I actually approached around 150 investors and pharmaceutical companies to beg for funding or to out-license my product, but it was so unproductive. After being turned down again and again, I went to friends and family for investment. The good thing with friends and family is they don’t know the pharmaceutical industry, but they know me. So, they gave me the small initial investment; they invested in JDP simply because they trust me. In the end, because we did not have professional investor involvement like venture capital, these early angel investors received a return significantly higher than the industry norm.
The lab work. I couldn’t do that on my own so I had to contract with laboratories and manufacturing facilities. But when you contract with CROs, there’re always two parts. One is the actual work and one is the design work. The fees were cut in half because I did the designing piece myself.
I would say my best decision was at the beginning when I found a business person to help me. I think that’s one of the most important factors in JDP’s success. Another good decision was actually to turn down a VC’s term sheet that we received, whose terms were very unfair to my earlier investors. That was the most difficult decision I had to make, which later proved to be crucial to JDP’s success.
Yes and no. I think if the founder is financially sound—meaning, if the founder is able to not take a paycheck from the company—they should do what I did. I worked for 10 years without pay, without taking any salary from the company. You have more control and you’re more productive because you don’t need to wait for seven board members’ approval. However all of the burden was on me. That might be too much for one person to bear. However, in my situation it was not my choice. I mainly was forced into that situation.
Once a drug is approved, you have to commercialize the drug. And for that we need a pharmaceutical sales team; JDP did not have that capability.
I’m working for the acquiring company and we have signed on for another year to continue working together. I’m also focusing on philanthropy work. My earnings from the sale of JDP were significantly bigger than a typical founder’s because there was no VC involvement, so I want to give back to society. I recently donated $5 million to University of the Pacific, where I got my Ph.D., to found a drug development center at the university’s school of pharmacy.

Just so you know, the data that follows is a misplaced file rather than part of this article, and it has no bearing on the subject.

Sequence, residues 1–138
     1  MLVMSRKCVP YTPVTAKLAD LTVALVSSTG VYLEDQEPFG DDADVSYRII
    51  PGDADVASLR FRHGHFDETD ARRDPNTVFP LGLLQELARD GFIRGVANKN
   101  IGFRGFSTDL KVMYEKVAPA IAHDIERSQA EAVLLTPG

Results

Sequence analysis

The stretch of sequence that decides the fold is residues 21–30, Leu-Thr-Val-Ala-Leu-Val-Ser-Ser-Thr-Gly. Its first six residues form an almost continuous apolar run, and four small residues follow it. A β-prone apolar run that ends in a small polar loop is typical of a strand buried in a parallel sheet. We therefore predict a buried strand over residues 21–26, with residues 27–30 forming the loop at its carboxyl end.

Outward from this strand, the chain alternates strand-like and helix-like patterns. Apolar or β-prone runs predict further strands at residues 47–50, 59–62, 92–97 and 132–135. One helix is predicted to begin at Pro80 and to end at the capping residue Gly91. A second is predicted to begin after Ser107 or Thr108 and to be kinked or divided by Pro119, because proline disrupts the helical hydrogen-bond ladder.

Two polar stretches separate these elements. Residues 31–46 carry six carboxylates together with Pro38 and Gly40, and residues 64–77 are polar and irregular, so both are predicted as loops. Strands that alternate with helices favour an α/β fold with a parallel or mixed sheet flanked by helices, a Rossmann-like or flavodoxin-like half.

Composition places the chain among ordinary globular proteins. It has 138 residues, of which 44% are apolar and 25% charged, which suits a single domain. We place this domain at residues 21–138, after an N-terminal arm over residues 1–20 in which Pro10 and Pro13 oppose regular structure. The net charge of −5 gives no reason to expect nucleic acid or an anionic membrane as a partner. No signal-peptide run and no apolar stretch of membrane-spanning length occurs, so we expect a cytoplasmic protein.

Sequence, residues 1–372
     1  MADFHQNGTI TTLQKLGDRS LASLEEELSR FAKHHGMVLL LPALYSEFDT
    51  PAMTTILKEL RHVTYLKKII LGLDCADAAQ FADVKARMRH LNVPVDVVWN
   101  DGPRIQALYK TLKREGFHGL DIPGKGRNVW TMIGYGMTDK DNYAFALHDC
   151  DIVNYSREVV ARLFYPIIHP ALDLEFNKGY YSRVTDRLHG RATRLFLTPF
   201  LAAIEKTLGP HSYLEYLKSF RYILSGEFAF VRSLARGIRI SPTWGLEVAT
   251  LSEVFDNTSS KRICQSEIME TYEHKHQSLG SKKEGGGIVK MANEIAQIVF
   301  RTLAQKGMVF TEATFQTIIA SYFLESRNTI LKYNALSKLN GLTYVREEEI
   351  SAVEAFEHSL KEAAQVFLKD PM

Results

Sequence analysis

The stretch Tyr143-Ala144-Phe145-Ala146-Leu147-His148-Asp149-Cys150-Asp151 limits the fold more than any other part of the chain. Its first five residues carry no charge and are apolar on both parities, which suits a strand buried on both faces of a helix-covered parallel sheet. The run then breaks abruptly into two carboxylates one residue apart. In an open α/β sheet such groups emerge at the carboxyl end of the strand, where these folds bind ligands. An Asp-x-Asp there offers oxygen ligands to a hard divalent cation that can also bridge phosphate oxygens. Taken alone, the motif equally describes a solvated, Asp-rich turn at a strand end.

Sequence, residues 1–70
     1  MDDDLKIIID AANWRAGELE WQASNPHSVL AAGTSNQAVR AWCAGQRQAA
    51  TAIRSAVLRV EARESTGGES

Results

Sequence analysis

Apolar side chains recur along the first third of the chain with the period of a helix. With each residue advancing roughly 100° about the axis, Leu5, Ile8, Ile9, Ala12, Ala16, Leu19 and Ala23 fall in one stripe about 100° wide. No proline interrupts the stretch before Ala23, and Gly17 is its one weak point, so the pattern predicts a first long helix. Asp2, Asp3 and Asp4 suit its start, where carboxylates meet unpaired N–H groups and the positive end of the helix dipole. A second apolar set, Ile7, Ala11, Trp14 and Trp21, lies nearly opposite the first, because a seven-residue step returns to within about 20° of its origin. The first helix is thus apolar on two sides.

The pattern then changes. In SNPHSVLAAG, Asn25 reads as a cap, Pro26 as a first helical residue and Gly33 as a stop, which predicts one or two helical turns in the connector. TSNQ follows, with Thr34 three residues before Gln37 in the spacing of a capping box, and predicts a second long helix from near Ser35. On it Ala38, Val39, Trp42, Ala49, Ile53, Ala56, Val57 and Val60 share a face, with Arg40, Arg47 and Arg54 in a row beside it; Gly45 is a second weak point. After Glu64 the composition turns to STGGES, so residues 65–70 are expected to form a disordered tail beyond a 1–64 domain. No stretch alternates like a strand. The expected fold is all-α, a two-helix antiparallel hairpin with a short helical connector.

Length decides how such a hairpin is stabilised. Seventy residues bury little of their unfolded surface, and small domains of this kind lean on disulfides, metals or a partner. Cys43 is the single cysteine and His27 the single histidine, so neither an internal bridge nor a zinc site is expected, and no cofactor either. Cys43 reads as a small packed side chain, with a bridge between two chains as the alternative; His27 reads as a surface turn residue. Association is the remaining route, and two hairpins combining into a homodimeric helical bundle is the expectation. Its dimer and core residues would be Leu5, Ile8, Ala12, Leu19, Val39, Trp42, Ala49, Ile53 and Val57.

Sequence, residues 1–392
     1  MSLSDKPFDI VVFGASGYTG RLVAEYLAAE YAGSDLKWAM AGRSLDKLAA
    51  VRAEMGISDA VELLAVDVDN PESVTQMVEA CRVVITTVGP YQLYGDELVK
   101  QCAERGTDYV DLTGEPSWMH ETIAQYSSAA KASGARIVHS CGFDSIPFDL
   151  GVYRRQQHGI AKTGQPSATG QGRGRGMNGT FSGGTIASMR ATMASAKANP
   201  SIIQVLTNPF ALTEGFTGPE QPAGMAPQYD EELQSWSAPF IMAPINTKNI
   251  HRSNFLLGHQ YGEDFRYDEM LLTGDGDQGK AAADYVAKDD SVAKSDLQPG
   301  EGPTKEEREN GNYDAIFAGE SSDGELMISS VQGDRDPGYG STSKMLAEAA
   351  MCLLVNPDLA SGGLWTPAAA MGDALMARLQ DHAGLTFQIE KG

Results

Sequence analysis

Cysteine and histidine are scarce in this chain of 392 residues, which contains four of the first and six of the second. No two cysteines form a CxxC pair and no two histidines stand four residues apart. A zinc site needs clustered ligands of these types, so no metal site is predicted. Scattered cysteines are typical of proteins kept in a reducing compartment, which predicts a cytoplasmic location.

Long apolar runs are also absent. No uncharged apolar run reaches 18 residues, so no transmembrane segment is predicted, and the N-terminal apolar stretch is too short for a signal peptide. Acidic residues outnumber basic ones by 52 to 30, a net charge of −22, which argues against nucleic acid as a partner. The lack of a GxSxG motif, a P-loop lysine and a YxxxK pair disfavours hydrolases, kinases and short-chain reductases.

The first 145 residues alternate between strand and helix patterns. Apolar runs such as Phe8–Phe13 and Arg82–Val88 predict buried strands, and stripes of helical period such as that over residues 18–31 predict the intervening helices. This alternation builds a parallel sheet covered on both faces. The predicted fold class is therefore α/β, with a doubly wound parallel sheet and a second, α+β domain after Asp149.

Yes. But for me, it’s not just being female, it’s being female and Chinese together that really made my life very difficult in fundraising. I did not have much success raising money from local investment groups or VCs in the U.S.—I had to go to China to raise money. I don’t think this is an issue anymore because the VCs who rejected me in the past are emailing me that when it’s time to start another company, they’re going invest.
First of all, you have to keep trying more investors. But, sometimes if you’re just not able to convince other people how good you are, you have to just go ahead and do it yourself—not just say it, do it. Once you complete the Phase II and III clinical trials or receive FDA approval, there’s nothing they can doubt.
If you’re a scientist like me, you need to find a business partner who can give you the business side of the pharma industry. And, your personal finances have to be strong, because if you live paycheck to paycheck, entrepreneurship is not for you. This is a hard thing for people to hear but, if I was not able to sustain myself that long, I would have given up.
Then, if you know your product is good, just believe in yourself and keep on going. The only thing that kept me going was my belief in this product and the product’s benefits for patient care over the current therapy. I also couldn’t stop because I took my friends and family’s money—I couldn’t let them down. I couldn’t tell them that I lost all their investment money.
Some of those early investors were my friends from church, and every time I went to church, they would ask, “How’s JDP doing?” I avoided church for three or four years. But I told them, “I don’t know how to answer you, but believe me, I’m going to give you a high return in the end.”
Ashton Tweed would like to thank Jie Du for this interview. If your company needs help from members of the Ashton Tweed Life Sciences Executive Talent Bank, we can supply that assistance either on an interim or a permanent basis. Additionally, if you are among the many life sciences professionals affected by the changes in the industry, Ashton Tweed can help you find the right placement opportunity — from product discovery through commercialization at leading life sciences companies — including interim executive positions and full-time placements. In either case, please email Ashton Tweed or call us at 610-725-0290. Ashton Tweed is pleased to continue to present insightful articles of interest to the industry.